Prices for B2B products and services are almost always negotiable. Aggregated savings over time can amount to a real enduring competitive advantage if competitive negotiation becomes part your company culture. Make it a policy never to sign off on anything until you and your team have hustled out every last penny.—Christopher Kelly, NYC Conference Centers

8. Try Out Outsourcing

Outsourcing oversees things such as Web design, SEO, and in some cases, content writing can greatly reduce your overhead. Firms such as Supreme Outsourcing, Guru, and oDesk help you find work from around the globe. If you reduce cost in these areas, you can then hire more full-time people in your own country so there is nothing unpatriotic about it.—Raoul Davis, Ascendant Group

9. Use Communal Space

Take advantage of communal office space where the rent is subsidized and the culture is lively. Shared space is a great way to immediately reduce your cash burn, and interact with many other entrepreneurs in a fun and creative setting.—Michael Tolkin, Merchant Exchange

10. Utilize Interns Wisely

There are millions of college students and recent graduates willing to work for little or no money in return for experience. Never underestimate the value of the experience you can offer. Compared to working at a large, boring corporation, many students will opt for the fun, small business. Once you have an intern (or four), you'll start realizing how much of what you do can be delegated.—Emerson Spartz, Spartz Media

11. Outsource Key Infrastructure

Many small businesses see the value of outsourcing for specific tasks (such as Web design or content). But outsourcing key infrastructure positions is an even more effective way to save money. Starting out, it's almost inevitable that you'll face an internal skills gap. Outsourcing key functions can help you keep your internal resources focused on your business.—David Ehrenberg, Early Growth Financial Services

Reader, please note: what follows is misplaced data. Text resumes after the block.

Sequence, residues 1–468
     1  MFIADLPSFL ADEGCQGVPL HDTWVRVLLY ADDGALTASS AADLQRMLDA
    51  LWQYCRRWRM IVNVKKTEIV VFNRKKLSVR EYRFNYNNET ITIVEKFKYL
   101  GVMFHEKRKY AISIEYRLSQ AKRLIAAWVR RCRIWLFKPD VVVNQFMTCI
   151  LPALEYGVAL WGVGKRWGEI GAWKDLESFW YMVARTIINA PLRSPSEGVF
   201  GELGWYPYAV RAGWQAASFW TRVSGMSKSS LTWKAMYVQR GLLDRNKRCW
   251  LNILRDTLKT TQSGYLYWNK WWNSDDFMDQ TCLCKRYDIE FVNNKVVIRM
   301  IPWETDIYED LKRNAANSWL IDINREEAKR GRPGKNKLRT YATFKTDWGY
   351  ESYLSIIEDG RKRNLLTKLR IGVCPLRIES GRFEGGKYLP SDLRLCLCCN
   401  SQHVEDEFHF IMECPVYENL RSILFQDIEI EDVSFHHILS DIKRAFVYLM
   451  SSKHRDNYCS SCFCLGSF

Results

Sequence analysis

12. Refuse Some Business

Stop looking for that quick fix and start connecting to your ideal client. You need to think long and hard about who that is. They are the ones that can extract the most value by using your service or product and will come back to you time and time again. All others are a waste of effort, as you bend over backwards for them just that once.—Carissa Reiniger, Silver Lining

13. Review and Analyze

Review invoices and statements from the past three months. As you go through them, ask yourself the following questions: Do we really need this? Are we paying too much? Can we get a better deal? How can I avoid these costs in the future? By analyzing every dollar, you'll find areas where you are wasting money by overpaying or using services you don't need. --Christian Springub, Jimdo

The Young Entrepreneur Council is an invitation-only nonprofit organization composed of the world's most promising young entrepreneurs. In partnership with Citi, the YEC recently launched #StartupLab, a free virtual mentorship program. @TheYEC